Bottom line: there was a HUGE improvement in sensor quality, and HOW EASILY a raw file can be adjusted. SONY made the improvement in 2007, and it has become a bigger and bigger issue, as Sony-made sensors have revolutionized noise, and exposure handling, both in the field, and in post-processing. Once you move to a Sony sensor with an 85+ score range, and into the 13.5 to 14.7 EV dynamic range, you've left the first two generations of digital imaging behind.

    A FULL 2.3 EV better EV range? That's a LOT. That is significant. When there is a deliberate OR an accidental exposure setting, it's possible that the 2.3 EV could be 3.3, or 4.3, or 5.3 EV different in the un-favorable direction; this is the elephant in the room that so many people eiehter igonre, or choose NOT to see. iof you make a mistake, or deliberately bias the wrong way, your 2.3 deficit might be 3,4,5 stops against you. Simple math, but something the naysayers constantly omit, or deny, or do not realize exists. They keep saying, "you can make goodf images with brand X! It's the photographer! it is skill." No, not entieely true: there comes a point whwere the SUPERIOR hardware's advantages become very,very clear. But, on internet fora, brand warriors will often defend inferior or outdated equipment to their last breath.

    Let's be honest: 2x FOV crop, small sensors are NOT the best for landscape work, nor for night work. It is pretty simple; you're seeing limitations in the very areas one would expect them to be, based on the sheer size of the sensor, and the lenses, and the age of the technology, and the type of sensor.
     
    Last edited: Jan 7, 2017
  4. astroNikon

    astroNikon 'ya all Bananas I tell 'ya Supporting Member

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    Post some photos for critique / feedback.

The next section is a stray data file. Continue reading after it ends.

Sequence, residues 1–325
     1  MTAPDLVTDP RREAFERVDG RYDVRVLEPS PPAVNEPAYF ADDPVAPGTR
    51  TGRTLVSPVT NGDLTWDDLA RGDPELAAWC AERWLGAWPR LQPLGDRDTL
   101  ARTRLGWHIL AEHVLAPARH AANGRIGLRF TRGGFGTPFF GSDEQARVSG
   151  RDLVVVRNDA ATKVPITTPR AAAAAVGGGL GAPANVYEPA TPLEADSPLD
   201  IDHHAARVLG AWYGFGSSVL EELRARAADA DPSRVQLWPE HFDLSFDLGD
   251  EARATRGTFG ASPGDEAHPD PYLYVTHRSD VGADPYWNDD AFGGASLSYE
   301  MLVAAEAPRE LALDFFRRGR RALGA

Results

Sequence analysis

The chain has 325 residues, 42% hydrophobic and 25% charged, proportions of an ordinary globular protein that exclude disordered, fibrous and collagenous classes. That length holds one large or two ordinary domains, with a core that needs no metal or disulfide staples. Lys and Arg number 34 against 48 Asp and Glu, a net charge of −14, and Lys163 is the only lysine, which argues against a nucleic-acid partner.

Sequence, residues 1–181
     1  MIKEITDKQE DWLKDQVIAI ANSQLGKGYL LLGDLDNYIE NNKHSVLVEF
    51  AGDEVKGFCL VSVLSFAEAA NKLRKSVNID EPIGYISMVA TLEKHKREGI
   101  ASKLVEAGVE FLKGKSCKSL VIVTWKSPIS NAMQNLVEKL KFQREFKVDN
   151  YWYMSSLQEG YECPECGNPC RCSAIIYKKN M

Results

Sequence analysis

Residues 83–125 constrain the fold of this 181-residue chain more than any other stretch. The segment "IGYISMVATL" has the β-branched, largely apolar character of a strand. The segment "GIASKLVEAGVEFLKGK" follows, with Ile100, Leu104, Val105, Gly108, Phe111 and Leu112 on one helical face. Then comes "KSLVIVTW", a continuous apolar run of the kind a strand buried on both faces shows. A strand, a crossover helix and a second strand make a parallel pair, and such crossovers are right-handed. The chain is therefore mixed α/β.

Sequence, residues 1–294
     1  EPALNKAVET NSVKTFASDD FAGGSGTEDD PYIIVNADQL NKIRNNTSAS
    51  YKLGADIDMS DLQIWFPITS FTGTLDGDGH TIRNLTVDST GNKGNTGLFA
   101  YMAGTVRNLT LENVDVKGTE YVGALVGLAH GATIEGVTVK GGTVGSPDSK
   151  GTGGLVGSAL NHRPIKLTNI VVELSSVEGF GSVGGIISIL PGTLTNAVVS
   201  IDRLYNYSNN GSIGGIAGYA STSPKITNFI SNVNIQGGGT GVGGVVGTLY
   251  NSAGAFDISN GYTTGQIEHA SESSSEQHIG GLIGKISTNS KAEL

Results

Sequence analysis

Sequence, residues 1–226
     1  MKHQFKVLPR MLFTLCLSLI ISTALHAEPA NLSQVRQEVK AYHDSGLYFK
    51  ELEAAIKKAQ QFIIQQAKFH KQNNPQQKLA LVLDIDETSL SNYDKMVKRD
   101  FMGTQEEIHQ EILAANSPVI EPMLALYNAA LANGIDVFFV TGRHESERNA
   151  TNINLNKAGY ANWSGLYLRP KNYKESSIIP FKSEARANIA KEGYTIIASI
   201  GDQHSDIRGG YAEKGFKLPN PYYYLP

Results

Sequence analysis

• Agree Agree x 1
  5. Solarflare

    Solarflare No longer a newbie, moving up!

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    QFT !

    Your camera shouldnt produce unsharp images just because its night.
     
  6. goooner

    goooner Been spending a lot of time on here!

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    Are you using a tripod for you night shots?
     
  7. rambler

    rambler TPF Noob!

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    At night I usually use a 2 second delay or a remote trigger. One time (actually it was at sunrise) I got lazy and was pressing the shutter by hand. I was bracketing photos automatically and noticed that the first frame was blurred, the others were not. It was a telephoto, so heavy, and my manual push of the shutter was causing slight movement of the camera which I did not even notice. My camera is mirrorless. I use a tripod 90% of the time. The olympus is a nice camera. I owned a OLY E-620 which was a 3/4 and probably used your same kit lens.
     
  8. Ari8

    Ari8 TPF Noob!

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    Thank you all for taking the time to post responses! I do use a tripod at night but not during the day. I will try to post photos soon for feedback